This one may get a bit more complicated. Do you live in a place that will adequately shelter you and allow you access to basic needs in case of long-term outages? Will you be able to stay warm enough in the winter and cool enough in the summer in your shelter? Those who live in houses in suburbs or in more rural areas will likely have more adequate shelter because they have some land to grow food and can set up a way to heat their homes in the winter. Those living in apartments may have a more difficult time - especially if they live in a large city. Unless your apartment has a working fireplace, and you have access to a source of wood to burn, it could get very difficult to keep warm enough. Is your shelter defendable? If your shelter won't meet your needs, you may have to find a way to move to a place that will.
I've seen many recommendations for people to stock up on medications they need and on basic medical supplies. It's probably a good idea to have enough for a year or two. Each time you shop, pick up one each of the supplies you'll use. Example: 1 box band-aids, 1 package of gauze, 1 package of tape, etc. Getting just one at a time allows you to stock up without causing local supply problems. OTC medicines may (or may not) be something you’ll want on-hand. It’s important to realize that there's really no way to stockpile enough medicines and first aid supplies to last a lifetime because medicines will lose potency. IMHO, knowing which local flora can be used as medicine and how to positively identify and forage it would be a better idea. Fabric scraps from the remnant bin in a store's craft section would make useful, inexpensive, and reusable bandages. Plants and herbs will make a huge difference in your medicine chest. Knowing your local plants (like Comfrey), how to forage them responsibly, and how to store and use them appropriately would increase your chances of survival and increase your comfort level in a worst-case scenario. To go along with this, learning first-aid skills will be critically important.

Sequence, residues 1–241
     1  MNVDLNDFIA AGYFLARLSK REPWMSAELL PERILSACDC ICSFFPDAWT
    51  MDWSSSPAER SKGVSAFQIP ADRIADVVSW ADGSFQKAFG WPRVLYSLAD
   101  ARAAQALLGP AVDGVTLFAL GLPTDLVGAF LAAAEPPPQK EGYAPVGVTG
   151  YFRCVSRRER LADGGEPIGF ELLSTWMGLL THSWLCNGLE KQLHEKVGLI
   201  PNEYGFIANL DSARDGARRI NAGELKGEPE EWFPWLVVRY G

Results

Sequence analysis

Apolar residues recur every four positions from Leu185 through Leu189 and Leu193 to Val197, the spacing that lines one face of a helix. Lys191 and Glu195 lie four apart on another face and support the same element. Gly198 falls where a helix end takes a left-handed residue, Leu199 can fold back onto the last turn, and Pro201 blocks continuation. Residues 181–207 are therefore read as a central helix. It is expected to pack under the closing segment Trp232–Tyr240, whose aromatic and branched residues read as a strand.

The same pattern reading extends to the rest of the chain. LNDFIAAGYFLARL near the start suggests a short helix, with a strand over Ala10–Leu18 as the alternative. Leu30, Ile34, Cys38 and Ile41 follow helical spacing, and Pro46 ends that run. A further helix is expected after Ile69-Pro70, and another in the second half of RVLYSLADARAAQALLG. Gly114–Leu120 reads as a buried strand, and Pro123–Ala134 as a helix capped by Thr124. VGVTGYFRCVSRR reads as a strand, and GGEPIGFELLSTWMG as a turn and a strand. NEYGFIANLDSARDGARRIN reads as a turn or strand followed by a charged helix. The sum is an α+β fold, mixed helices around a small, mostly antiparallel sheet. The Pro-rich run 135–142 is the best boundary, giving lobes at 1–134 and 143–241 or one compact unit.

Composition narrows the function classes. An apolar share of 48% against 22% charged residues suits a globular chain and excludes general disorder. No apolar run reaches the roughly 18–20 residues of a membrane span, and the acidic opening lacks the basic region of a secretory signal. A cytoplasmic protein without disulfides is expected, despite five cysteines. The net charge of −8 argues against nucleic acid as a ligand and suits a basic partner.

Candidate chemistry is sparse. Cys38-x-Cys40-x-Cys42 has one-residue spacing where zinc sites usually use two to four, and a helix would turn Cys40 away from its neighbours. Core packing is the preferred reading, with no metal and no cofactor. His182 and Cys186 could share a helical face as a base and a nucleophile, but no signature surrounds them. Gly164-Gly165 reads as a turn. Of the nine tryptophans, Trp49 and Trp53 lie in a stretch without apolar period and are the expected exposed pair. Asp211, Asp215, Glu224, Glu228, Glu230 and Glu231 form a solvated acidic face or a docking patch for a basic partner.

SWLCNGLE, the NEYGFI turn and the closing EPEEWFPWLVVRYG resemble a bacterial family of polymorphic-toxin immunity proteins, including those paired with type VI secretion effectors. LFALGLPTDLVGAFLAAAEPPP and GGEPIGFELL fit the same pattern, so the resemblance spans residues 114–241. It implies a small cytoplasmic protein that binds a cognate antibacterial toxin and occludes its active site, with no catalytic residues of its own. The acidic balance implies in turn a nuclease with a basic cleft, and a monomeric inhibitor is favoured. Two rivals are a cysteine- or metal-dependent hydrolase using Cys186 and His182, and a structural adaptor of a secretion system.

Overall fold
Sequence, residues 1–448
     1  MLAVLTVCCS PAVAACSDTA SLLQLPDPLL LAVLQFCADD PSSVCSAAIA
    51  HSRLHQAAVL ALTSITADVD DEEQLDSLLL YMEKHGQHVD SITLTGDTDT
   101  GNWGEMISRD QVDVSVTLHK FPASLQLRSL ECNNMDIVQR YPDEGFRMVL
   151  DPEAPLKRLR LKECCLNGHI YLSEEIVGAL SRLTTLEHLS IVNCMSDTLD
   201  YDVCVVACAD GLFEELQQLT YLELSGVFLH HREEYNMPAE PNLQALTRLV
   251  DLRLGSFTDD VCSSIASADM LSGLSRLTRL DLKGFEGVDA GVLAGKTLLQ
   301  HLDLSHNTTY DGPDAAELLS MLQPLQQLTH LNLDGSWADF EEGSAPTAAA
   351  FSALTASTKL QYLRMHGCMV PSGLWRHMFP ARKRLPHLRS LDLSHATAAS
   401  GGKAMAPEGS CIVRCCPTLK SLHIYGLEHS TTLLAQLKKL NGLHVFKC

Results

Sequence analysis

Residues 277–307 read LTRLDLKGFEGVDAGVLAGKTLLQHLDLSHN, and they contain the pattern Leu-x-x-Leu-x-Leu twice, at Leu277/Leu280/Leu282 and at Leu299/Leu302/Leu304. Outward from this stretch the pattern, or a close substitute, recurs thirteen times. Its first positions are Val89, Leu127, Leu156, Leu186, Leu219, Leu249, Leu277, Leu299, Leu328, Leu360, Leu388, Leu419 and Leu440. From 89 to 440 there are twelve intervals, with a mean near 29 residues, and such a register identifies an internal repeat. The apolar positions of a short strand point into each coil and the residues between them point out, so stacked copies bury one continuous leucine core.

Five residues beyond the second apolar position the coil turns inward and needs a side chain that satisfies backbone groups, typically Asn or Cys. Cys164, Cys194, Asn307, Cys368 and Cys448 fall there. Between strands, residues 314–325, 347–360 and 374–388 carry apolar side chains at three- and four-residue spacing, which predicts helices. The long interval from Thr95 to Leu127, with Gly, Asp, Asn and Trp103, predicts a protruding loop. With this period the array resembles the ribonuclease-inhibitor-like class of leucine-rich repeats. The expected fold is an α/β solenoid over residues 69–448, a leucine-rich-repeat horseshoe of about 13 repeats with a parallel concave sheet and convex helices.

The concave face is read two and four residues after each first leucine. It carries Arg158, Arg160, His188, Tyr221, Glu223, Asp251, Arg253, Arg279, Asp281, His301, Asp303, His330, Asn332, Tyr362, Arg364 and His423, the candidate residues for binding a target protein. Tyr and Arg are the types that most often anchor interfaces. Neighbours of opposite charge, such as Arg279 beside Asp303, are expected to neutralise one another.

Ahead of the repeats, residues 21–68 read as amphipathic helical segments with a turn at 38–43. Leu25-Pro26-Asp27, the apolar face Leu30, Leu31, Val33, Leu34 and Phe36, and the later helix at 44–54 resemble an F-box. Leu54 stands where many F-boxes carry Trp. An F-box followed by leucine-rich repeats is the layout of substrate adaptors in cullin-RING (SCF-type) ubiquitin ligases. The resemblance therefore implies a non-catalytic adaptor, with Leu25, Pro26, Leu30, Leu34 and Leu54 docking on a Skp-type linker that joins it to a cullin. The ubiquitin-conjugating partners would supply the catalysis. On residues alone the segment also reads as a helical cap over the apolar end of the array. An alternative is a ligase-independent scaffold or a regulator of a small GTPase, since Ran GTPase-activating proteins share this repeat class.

It may be time to throw away the notion that we should all have neatly mowed grass lawns. Instead, it may be time to let the "weeds" grow wild in our yards, for those weeds can provide food, nutrition, and medicine for our families.
Along with medicine, we would all need a source of food. There are places that sell survivalist packages of food. Add water and eat. You might get enough to last several months or a year, but eventually, this supply would run out. A good idea is to buy enough food packets to let the weeds take over your yard so you would have food when the packets were all used up. (You could also buy enough to use during the first few winters only and forage during spring, summer, and fall.)
Those fortunate enough to have a yard and/or to live near farms will have a better chance of obtaining food if they learn the skills to raise crops and/or animals. Learning the skills now would be a good idea. Check with local farmers to see if you can get seeds. Convert your floral garden into a food garden. The one precaution is to try and grow the edibles in areas that haven't been treated with chemical pesticides/herbicides if possible. As with herbal medicines, knowing what plants grow wild in your area and knowing how to forage them responsibly may make the difference between survival and starvation. For example, dandelions are nutritious and full of vitamins and minerals. Chickweed, nettles, purslane, clover, plantain, curly dock, mallow, Queen Anne's Lace, sheep's sorrel, etc. are all nutritious weeds you can eat to survive. With training, you can also learn how to preserve your harvests so they last through the winter.
If you live in an apartment and have no yard, there are windowsill planters you could use to plant some foods - though it may not be enough for a whole year. Research how to grow plants indoors year-round in this case.
The final subject of this blog is how to protect yourself in a world-wide disaster situation. Family dogs make a good first line of defense if you can have one (or more) and take care of it/them. In 2020, 39.7 million people in the US decided that having at least one firearm was necessary for self-protection. This was an increase of more than 11 million from 2019 (and I’m only citing applications for legal purchases here). Staying as physically fit as possible, taking self-defense classes, learning about different types of self-defense then choosing what is right for your situation is the best thing I can recommend.
I’ll finish this blog by saying that I pray hard that none of us will ever see a time when such preparations need to be used. The year 2020 has taught me though that the wiser choice is to be prepared for a disaster which never comes rather than be unprepared for one that does.